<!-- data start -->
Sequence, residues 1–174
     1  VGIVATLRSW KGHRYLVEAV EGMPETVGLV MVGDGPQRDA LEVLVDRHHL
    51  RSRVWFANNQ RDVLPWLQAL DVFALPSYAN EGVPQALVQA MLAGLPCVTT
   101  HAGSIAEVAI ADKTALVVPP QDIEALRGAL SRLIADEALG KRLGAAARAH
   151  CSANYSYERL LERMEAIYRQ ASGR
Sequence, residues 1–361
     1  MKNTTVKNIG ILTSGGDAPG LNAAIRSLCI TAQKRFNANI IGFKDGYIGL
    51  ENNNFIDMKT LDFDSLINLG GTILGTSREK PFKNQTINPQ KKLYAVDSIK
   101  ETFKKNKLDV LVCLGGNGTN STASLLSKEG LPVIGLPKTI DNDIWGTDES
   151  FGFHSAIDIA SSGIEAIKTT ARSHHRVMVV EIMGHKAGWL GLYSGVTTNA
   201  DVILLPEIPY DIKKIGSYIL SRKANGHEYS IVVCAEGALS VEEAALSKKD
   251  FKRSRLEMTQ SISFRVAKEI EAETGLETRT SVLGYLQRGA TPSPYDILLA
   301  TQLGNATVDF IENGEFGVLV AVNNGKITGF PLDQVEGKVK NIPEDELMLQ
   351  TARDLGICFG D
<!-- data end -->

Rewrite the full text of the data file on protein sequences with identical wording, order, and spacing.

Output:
Sequence, residues 1–174
     1  VGIVATLRSW KGHRYLVEAV EGMPETVGLV MVGDGPQRDA LEVLVDRHHL
    51  RSRVWFANNQ RDVLPWLQAL DVFALPSYAN EGVPQALVQA MLAGLPCVTT
   101  HAGSIAEVAI ADKTALVVPP QDIEALRGAL SRLIADEALG KRLGAAARAH
   151  CSANYSYERL LERMEAIYRQ ASGR
Sequence, residues 1–361
     1  MKNTTVKNIG ILTSGGDAPG LNAAIRSLCI TAQKRFNANI IGFKDGYIGL
    51  ENNNFIDMKT LDFDSLINLG GTILGTSREK PFKNQTINPQ KKLYAVDSIK
   101  ETFKKNKLDV LVCLGGNGTN STASLLSKEG LPVIGLPKTI DNDIWGTDES
   151  FGFHSAIDIA SSGIEAIKTT ARSHHRVMVV EIMGHKAGWL GLYSGVTTNA
   201  DVILLPEIPY DIKKIGSYIL SRKANGHEYS IVVCAEGALS VEEAALSKKD
   251  FKRSRLEMTQ SISFRVAKEI EAETGLETRT SVLGYLQRGA TPSPYDILLA
   301  TQLGNATVDF IENGEFGVLV AVNNGKITGF PLDQVEGKVK NIPEDELMLQ
   351  TARDLGICFG D